Bill Okwuosa is a big man, with a wide chest announcing to the world that he is a body builder, even under his crisp suit. As he sits at his desk at the Open Door Shelter, there is a slogan on the wall behind him: Based on Strength.
You might think that refers to Okwuosa's physicality, but Based on Your Strength is a program he designed to help prison inmates identify their strengths and work to make changes. It's a style Okwuosa is bringing to Norwalk as the new director of the Open Door Shelter.
"My job as a transitional coach is to help 'you' to go from being on the bottom to the top," said Okwuosa, who started his career as a correction officer. He's looking to "change that perception of shelter" by changing the structure at Open Door and adding services, including group therapy focused on anger management, social skills, life skills and domestic violence prevention.
Okwuosa began his job less than two weeks ago, but he has already taken the first step in making changes by creating a residential board, allowing those who use the shelter to "take charge of their domain." About 10 of the shelters residents were willing, he said. "This is their home. I want them to be the advocate for each other."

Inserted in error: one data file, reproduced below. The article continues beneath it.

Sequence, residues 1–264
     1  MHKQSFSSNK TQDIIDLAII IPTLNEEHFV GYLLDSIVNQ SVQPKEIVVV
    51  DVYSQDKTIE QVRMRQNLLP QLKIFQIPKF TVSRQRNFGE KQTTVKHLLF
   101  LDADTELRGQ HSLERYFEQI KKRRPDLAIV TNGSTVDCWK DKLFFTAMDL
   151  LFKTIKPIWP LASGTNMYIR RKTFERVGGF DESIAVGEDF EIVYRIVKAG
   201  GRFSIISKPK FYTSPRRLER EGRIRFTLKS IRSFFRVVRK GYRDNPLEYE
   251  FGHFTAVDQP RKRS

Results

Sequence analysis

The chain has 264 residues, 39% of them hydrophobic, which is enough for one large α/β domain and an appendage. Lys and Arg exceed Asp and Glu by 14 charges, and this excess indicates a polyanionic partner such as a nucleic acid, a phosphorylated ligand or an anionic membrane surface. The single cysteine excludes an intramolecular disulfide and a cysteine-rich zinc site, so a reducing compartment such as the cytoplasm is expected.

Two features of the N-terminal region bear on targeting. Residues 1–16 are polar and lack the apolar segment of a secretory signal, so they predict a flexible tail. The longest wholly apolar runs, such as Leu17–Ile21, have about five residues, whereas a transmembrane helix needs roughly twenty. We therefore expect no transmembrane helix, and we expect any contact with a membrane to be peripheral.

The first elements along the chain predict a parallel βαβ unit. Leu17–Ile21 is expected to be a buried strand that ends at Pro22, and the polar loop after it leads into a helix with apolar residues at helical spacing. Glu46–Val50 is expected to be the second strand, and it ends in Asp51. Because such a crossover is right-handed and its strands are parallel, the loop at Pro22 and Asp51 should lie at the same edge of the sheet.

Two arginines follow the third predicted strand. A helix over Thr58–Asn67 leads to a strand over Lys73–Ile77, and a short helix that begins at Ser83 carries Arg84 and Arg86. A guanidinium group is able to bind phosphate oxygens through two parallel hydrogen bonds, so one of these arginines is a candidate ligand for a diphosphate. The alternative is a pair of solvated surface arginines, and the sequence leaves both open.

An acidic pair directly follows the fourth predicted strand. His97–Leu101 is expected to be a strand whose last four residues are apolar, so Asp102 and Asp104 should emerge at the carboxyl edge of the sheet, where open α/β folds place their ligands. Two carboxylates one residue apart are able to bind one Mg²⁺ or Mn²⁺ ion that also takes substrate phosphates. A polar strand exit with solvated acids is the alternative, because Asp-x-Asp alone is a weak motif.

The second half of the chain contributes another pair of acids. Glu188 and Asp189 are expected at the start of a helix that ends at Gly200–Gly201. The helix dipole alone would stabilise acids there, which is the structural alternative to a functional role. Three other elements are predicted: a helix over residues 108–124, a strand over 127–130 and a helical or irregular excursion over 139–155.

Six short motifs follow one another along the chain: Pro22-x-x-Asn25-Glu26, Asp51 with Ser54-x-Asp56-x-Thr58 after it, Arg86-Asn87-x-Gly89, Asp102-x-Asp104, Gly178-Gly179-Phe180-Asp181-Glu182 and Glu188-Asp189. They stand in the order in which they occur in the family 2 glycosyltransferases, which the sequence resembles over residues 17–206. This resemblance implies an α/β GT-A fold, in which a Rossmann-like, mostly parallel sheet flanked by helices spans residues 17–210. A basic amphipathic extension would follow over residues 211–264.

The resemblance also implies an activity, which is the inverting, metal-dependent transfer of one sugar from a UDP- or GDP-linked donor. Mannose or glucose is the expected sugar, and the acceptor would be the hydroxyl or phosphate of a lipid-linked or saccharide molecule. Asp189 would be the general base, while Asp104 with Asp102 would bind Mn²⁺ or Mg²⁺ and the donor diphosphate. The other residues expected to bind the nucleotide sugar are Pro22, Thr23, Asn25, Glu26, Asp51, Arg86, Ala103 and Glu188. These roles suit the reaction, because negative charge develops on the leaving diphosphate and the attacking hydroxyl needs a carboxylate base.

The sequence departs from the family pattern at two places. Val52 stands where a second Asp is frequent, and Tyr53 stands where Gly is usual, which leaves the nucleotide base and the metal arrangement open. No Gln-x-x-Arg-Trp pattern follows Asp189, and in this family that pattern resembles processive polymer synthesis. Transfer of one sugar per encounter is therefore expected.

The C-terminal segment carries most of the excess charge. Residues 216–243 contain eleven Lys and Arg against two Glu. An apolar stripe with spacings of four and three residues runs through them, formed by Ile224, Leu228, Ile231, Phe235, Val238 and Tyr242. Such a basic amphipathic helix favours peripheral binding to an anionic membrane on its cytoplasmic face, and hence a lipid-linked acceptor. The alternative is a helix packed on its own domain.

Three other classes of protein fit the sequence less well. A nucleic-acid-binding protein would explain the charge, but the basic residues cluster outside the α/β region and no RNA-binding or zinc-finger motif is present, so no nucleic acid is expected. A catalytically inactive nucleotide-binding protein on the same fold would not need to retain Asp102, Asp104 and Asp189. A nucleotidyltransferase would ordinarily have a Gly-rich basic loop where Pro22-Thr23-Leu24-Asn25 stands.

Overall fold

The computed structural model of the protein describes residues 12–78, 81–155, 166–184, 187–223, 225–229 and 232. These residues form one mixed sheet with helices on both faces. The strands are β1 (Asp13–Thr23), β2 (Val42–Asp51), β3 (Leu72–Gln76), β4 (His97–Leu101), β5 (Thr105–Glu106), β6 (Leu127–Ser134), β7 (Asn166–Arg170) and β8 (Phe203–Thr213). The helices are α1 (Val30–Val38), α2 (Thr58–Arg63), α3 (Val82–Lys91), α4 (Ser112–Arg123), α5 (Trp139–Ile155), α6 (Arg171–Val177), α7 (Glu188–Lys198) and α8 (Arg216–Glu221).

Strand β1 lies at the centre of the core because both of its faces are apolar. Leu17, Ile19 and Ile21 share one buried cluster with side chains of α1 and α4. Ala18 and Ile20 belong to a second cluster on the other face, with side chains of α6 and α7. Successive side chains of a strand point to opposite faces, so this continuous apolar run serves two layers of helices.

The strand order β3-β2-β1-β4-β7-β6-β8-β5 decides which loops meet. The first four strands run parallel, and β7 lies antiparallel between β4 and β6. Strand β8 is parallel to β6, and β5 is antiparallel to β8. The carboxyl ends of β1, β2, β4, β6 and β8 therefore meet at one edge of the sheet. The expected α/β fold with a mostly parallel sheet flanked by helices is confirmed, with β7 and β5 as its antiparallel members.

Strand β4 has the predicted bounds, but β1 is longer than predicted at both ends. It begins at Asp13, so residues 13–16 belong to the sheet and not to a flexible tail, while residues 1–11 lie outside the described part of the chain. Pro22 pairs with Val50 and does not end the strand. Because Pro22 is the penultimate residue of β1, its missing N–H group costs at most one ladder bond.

He expects them to form bylaws, take minutes and "have the same operations as staff." They will also instruct new residents, go through the suggestion box with him and "advocate for each other, be fair."
Okwuosa said he will do a survey to determine what group therapies to offer, according to the needs expressed. Okwuosa, the former director of ShelterNow in Meriden, predicts "remarkable" results. "A mind is designed funny," he said. "When you're bored you start thinking about things you normally wouldn't do. ... You have time to entertain that pain, that struggle, that crisis that you've had in your lives."
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